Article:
The International Fund for Agricultural Development (IFAD)-assisted Value Chain Development Programme (VCDP) contributed 56 million dollars into Nigeria’s Gross Domestic Product in the 2017 production season.
Dr Ben Odoemena, IFAD Nigeria Country Programme Officer, said this on Monday in Abuja at the mid-term review of the programme.
Odoemena explained that 9.2 million dollars of the money was injected into Benue through the IFAD programme beneficiaries, thereby saving the country the foreign exchange that would have been expended on rice importation.
The officer said that 15,000 tonnes of paddy rice were produced while 10,000 jobs were created during the period under review.
‘‘In Benue alone, more than 3,000 jobs were created and overall, 10,000 jobs has been created, comprising paid jobs of more than 7,000.
‘‘This laudable goal was achieved due to the political will of the participating state governments and this has gone a long way to boost rice and cassava production in the country,’’ he said.
He stressed that aside supporting farmers, the programme had resulted in the construction of feeder roads to enable farmers to access their rice and cassava farms.
He said the programme also constructed modern rice mills in states to enhance its quality.
Odoemena said that more attention was now being focused on meeting the food needs of the country as well as earning more foreign exchange from exports and to diversify the nation’s economy.
He said in all the participating states the programme had opened the floodgates of opportunities for rice and cassava farmers and improved their livelihood.
“Looking at it critically, all the beneficiaries, mostly the youths, formed into cluster groups are now enjoying sustainable growth and yields in their annual returns from their investments.
“This could be attested to by the number of youths who attested to the success stories in all the participating local government areas,’’ he said.
Also speaking,Dr. Ameh Onoja, the National Coordinator, described the programme as a success story because it had empowered so many youths going by the assessment.
He said that 45,000 farmers in the six participating states of Anambra, Benue, Ebonyi, Niger, Ogun and Taraba had in the last three years embraced rice and cassava farming.
Of that number some of them engaged processing and marketing, to develop sustainable Value Chains for the two commodities.
Onoja said that the various interventions of the programme had significantly contributed to increased production, productivity, boosting income levels.
He also said that there had been enhanced value addition and market opportunities, as well as access to quality seed and planting materials among rice and cassava producers, processors and marketers in all the participating states.
“To date the youth entrepreneurs has been developed and now producing seeds in the cluster areas where the programme is being implemented.
“The programme has encouraged farmers with use of good agronomic practises which have resulted in significant increase in rice yield.’’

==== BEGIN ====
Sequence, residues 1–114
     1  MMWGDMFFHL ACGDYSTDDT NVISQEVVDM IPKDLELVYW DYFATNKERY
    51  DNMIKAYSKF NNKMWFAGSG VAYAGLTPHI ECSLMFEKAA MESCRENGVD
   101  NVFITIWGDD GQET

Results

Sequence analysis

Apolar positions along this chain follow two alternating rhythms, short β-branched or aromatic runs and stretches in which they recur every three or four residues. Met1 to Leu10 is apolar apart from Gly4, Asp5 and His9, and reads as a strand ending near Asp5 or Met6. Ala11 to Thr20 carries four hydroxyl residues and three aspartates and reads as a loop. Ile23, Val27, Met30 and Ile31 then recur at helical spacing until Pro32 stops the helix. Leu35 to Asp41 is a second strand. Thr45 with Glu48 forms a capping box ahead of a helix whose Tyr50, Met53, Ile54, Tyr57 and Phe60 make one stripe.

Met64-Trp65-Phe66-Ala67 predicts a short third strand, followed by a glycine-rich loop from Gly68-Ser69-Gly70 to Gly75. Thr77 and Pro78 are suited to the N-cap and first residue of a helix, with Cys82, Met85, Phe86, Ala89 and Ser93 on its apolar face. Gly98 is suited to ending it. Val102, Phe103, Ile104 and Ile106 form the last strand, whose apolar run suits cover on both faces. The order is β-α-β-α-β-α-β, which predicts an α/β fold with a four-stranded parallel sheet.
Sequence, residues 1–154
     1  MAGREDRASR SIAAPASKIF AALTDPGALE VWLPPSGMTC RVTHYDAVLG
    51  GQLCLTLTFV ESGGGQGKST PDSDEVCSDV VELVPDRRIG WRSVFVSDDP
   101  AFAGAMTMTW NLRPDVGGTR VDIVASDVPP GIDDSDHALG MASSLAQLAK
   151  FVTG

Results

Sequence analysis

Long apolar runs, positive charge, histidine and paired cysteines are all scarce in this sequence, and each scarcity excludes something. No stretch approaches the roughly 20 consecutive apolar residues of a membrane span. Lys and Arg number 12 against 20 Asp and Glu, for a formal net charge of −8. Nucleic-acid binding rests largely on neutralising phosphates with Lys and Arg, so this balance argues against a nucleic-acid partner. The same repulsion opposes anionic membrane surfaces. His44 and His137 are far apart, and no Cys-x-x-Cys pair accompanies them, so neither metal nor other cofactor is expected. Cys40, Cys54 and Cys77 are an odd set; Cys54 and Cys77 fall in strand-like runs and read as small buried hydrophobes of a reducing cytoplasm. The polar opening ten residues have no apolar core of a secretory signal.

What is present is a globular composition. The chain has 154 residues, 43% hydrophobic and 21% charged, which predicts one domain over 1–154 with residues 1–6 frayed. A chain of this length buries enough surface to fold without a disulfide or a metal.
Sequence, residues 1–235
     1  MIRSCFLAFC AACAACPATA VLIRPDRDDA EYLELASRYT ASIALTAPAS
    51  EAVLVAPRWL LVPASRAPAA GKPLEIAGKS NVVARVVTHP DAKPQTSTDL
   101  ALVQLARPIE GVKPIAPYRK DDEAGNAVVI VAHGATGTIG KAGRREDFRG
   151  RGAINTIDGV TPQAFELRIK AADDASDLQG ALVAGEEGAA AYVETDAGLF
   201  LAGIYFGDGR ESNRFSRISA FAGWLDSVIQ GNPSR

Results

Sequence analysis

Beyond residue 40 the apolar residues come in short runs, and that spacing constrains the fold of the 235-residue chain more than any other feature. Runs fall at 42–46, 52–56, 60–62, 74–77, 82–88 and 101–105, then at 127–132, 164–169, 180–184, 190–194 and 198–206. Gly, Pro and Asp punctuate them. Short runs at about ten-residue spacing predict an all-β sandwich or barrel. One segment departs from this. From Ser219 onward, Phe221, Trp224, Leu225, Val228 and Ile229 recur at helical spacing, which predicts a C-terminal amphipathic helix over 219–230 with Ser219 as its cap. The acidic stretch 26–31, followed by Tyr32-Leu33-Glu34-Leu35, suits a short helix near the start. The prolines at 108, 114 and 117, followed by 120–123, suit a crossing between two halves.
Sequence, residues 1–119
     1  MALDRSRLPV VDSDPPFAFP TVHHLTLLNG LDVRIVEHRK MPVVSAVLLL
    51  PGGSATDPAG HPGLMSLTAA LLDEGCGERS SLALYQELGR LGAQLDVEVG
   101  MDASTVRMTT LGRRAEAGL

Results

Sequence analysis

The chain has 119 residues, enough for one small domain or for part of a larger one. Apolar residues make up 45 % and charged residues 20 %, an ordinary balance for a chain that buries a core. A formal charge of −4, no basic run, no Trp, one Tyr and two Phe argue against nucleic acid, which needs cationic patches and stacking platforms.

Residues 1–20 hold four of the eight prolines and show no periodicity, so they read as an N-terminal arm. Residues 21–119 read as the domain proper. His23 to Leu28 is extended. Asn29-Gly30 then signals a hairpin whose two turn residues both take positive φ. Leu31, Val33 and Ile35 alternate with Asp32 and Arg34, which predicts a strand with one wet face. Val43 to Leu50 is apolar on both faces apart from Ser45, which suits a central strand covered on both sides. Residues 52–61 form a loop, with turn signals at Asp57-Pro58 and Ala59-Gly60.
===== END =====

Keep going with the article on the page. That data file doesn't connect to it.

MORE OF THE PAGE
Onoja said noted that in the last three years, the rice producing areas were producing over five tonnes of rice per hectare as against two 2 tonnes previously while cassava yield had hit an average of 20 tonnes per hectare as against the 10 tonnes recorded in the past.
“It is indeed a success story as we have also constructed many roads to date; we have constructed 130 kms of roads out of our target of 180 kms.
“We have also upgraded processing centres and farmers there are doing stone-free branded rice with better equipment and have increased the income of the processors,’’ he said.
Onoja said that the land development under VCDP had created a culture of increased mechanisation among the farmers mostly the youths.
He added that the lands that the participating youths were farming, were donated by various communities.
“We have developed 1,292 hectares in the six participating states and provided mechanisation and paid half the cost to enable participants to afford them.
“The youths under the agreement have access to the land for 15 years at no cost,’’ he said.
In his remark, Samuel Adeogun, Ogun State Coordinator of the programme, noted that the level of production in the state had increased to 70 per cent.
He further said that more than 5000 farmers had been networked under the value chain implementation.
Adeogun noted that the level of illiteracy in the state had been the major challenge militating against the desired progress in the state.
He also added that the clashes between the herdsmen and farmers had affected many activities in the state.
He said beside the shortcomings, the programme had impacted positively on the participating farmers, thereby creating a generation of new farmers.
He added that it had promoted the market approach and the linkage to various activities along the two value chain of cassava and rice.
The programme has a total budget of 104.4 million dollars.
A breakdown shows that IFAD is providing 74.4 million dollars with Federal Government contributing 9.9 million dollars while state government are providing 10.4 million dollars.
Furthermore, local government are providing 4.3 million dollars, complementary financing 2.8 million dollars while the beneficiaries are contributing 2.1 million dollars